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Apartment vacancies decline, returning condo conversions absorbed

The countywide apartment vacancy rate has declined from 5.1 percent in the spring to 3.4 percent in the fall, but the wildfires don't appear to have had much of an affect on occupancy.

According to the San Diego County Apartment Association's fall survey, homeowners displaced by the fires represented only a fraction of 1 percent of the new rental occupants.

The market was impacted much more by condominium conversions returning to the rental pool, but the SDCAA says these units have been absorbed nicely.

The overall vacancy rate translates to nearly 16,000 unoccupied units countywide.

"We anticipated a decrease in vacancies from what was reported last spring as returning condominium conversions began to be absorbed by the market," said Robert Pinnegar, SDCAA executive director.

Not all has been good news, however.

"Foreclosed homeowners returning as renters have probably further driven the decrease in vacancies.

Overall, the transitional nature of the for-sale housing market is what has most influenced a similarly transitional effect on the rental housing industry," the report stated.

The average apartment vacancy in the city of San Diego has ranged from a low of 1.4 percent in the fall of 2000 to a high of 5.4 percent this past spring.

Given that a 5 percent level is considered to be a market in rough balance, the level was not considered to be a problem.

The city's apartment vacancy rate stood at 3.5 percent as of the time of the fall 2007 survey.

The city's vacancy rates ranged from a low of 0.3 percent in Linda Vista, where 637 units were surveyed, to a high of 10 percent in Logan Heights. Only 40 units were surveyed there, however.

In the county of San Diego, while the vacancy rate was only 0.4 percent in Bonita where 253 units were surveyed, it was 5.4 percent in Alpine where 456 units were counted.

Countywide, properties less than six years old reported more vacancies than older properties, with studio units reporting the highest vacancies.

This is the same trend as what was reported in the spring survey.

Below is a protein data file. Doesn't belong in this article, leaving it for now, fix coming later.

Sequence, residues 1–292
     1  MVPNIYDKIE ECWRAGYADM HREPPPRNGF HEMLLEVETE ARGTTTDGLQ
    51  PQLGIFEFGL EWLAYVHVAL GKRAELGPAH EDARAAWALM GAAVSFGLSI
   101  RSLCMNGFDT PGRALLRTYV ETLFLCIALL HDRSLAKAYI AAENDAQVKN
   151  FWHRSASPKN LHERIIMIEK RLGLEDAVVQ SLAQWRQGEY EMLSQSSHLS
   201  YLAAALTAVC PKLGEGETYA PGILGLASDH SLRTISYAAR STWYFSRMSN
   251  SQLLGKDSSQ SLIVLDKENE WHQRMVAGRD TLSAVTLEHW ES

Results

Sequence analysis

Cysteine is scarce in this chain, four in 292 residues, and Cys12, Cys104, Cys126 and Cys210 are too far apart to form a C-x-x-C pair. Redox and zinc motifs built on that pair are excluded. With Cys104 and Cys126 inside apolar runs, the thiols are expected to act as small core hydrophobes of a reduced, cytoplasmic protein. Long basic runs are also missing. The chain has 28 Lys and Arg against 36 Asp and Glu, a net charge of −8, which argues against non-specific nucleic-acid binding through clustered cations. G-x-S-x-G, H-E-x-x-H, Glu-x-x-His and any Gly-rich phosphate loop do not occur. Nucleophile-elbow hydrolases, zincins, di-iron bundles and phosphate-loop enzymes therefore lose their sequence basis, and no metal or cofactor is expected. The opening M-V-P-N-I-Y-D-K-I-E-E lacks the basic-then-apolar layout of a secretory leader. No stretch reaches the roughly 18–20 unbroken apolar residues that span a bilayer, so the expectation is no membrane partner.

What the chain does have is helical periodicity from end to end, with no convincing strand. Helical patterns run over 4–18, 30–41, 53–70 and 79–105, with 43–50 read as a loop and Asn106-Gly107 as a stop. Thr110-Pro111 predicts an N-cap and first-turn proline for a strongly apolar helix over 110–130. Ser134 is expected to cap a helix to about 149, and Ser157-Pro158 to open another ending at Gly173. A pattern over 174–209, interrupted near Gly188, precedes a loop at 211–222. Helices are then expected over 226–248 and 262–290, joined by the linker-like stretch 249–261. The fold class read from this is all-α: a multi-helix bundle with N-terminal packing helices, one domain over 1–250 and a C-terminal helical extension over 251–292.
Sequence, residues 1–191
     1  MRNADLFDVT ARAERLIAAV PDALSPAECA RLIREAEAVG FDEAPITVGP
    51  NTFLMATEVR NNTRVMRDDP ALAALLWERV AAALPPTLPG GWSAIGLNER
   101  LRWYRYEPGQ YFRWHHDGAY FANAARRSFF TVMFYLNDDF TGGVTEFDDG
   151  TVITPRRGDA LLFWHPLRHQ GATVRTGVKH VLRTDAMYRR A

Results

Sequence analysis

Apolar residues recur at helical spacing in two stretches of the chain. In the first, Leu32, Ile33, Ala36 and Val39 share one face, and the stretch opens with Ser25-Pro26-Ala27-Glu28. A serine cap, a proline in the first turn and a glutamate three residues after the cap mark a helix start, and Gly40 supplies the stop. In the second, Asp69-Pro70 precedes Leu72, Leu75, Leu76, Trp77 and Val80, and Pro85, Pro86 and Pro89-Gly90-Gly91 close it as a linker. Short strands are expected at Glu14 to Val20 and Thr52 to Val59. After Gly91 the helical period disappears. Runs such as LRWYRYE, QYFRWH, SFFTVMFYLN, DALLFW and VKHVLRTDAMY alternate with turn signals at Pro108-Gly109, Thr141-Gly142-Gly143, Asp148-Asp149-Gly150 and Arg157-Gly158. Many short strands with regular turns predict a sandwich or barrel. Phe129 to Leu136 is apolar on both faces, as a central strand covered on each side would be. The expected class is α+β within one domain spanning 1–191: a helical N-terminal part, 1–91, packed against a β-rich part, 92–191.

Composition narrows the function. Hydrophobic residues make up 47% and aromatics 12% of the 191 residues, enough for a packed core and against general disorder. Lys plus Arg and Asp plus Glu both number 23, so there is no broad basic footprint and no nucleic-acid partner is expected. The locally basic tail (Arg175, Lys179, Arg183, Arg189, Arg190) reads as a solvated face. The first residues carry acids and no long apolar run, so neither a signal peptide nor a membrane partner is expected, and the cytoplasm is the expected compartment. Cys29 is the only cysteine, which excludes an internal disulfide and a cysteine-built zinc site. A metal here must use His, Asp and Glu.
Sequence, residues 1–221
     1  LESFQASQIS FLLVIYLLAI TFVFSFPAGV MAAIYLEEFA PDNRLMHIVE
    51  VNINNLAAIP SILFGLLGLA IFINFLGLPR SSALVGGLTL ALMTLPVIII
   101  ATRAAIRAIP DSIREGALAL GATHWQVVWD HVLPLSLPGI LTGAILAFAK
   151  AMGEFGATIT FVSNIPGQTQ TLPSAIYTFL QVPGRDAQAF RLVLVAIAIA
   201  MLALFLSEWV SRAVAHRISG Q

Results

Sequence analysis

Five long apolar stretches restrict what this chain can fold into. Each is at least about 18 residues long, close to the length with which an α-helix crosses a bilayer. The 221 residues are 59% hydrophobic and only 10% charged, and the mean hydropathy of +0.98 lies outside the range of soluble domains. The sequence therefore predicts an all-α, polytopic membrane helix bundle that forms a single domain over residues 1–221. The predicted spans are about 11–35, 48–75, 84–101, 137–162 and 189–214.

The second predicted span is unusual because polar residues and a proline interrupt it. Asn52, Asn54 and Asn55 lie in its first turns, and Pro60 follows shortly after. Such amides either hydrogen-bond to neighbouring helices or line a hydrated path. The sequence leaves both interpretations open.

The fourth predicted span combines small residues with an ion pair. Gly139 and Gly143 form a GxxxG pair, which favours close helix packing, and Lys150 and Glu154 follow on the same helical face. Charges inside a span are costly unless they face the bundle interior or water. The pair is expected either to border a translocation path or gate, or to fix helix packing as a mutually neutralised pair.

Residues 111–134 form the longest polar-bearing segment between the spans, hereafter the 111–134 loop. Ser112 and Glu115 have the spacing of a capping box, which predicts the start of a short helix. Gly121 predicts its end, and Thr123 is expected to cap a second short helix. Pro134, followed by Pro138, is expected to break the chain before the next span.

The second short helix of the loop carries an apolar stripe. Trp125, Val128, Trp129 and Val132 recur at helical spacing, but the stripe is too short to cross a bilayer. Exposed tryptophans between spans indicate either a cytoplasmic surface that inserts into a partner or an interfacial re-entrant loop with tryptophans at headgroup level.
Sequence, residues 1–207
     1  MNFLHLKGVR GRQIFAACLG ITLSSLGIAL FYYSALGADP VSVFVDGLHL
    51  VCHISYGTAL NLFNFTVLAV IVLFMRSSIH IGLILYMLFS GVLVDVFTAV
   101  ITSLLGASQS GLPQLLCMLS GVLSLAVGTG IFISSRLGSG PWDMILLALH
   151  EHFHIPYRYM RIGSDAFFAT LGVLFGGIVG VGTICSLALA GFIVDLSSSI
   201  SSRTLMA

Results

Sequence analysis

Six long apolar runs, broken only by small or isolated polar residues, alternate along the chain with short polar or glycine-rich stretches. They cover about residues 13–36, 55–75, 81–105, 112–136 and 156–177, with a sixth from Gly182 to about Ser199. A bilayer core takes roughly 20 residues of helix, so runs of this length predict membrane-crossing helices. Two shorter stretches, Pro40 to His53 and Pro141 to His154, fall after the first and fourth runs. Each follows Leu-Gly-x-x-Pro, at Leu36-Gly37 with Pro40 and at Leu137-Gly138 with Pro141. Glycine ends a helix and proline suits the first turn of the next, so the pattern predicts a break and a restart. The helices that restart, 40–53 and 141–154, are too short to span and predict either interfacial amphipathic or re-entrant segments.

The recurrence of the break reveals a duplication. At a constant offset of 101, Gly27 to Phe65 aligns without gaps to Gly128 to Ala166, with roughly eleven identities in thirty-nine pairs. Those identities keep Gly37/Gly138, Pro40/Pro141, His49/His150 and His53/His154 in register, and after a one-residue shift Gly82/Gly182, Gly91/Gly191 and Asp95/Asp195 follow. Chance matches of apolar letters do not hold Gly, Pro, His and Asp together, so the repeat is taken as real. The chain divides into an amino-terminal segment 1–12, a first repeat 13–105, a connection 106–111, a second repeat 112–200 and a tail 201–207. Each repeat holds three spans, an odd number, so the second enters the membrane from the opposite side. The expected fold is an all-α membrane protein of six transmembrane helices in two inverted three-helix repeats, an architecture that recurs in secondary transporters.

Three-plus bedroom units less than 25 years old are the second unit type to report the highest vacancies countywide.

The greatest demand is for one-bedroom units regardless of the age of the property.

Across all unit types, the vacancy rate tended to be marginally higher in the city of San Diego than other regions in the county.

The SDCAA's Apartment Availability Index Survey, a supplemental survey that collects information on both vacant units as well as those on notice to vacate, also reported an 8.6 percent availability rate.

"Since the Availability Index measures the total number of units available and pulls from a select sample of full-time rental property owners and managers operating the largest number of units in the county, the results act as an early indicator of industry trends and provide a 'big picture' view of the overall availability of local rental housing," the report stated.

As vacancy rates have decreased, rental rates have increased to levels reflective of rising operational costs.

The average weighted rent for all unit types countywide rose 2.3 percent to $1,168 since the association's spring survey.

The rental rate ranges are enormous depending on location, number of bedrooms and the age of the units. While it is possible to pay just $586 per month for a one-bedroom unit in Encanto, it is also possible to pay $2,660 per month for a three-bedroom unit in Mission Valley.

Linda Morris, president of Cambridge Management Group, Inc. and this year's SDCAA board president, said the reported increase in rents are similar to what she's experienced at the properties her company manages.

"The costs to maintain and manage rental housing keep rising, which has ultimately affected rents," Morris said.

This year, the SDCAA tracked 14 different cities and utility service providers in the county that either approved or are considering rate increases, many of which are spread out over several years.

For example, in San Diego alone, water and sewer rates combined will increase about 15 percent each year through 2010.

The passage of additional property-related taxes, assessments, and fees also contribute to the rising costs.

According to San Diego County's response to the SDCAA 2007 Multifamily Fee Survey, there are a total of 468,067 rental units in the county.

The San Diego County Apartment Association's (SDCAA) fall 2007 Vacancy and Rental Rate Survey was mailed to more than 6,000 rental property owners and managers throughout San Diego County, and represents responses from managers of nearly 40,000 units.

MarketPointe Realty Advisors also has a survey (this one representing 113,761 units) that is conducted every September.

That report surveys complexes with 25 or more units. MarketPointe arrived at a 2.58 percent vacancy and a $1,291 average rent in that study.

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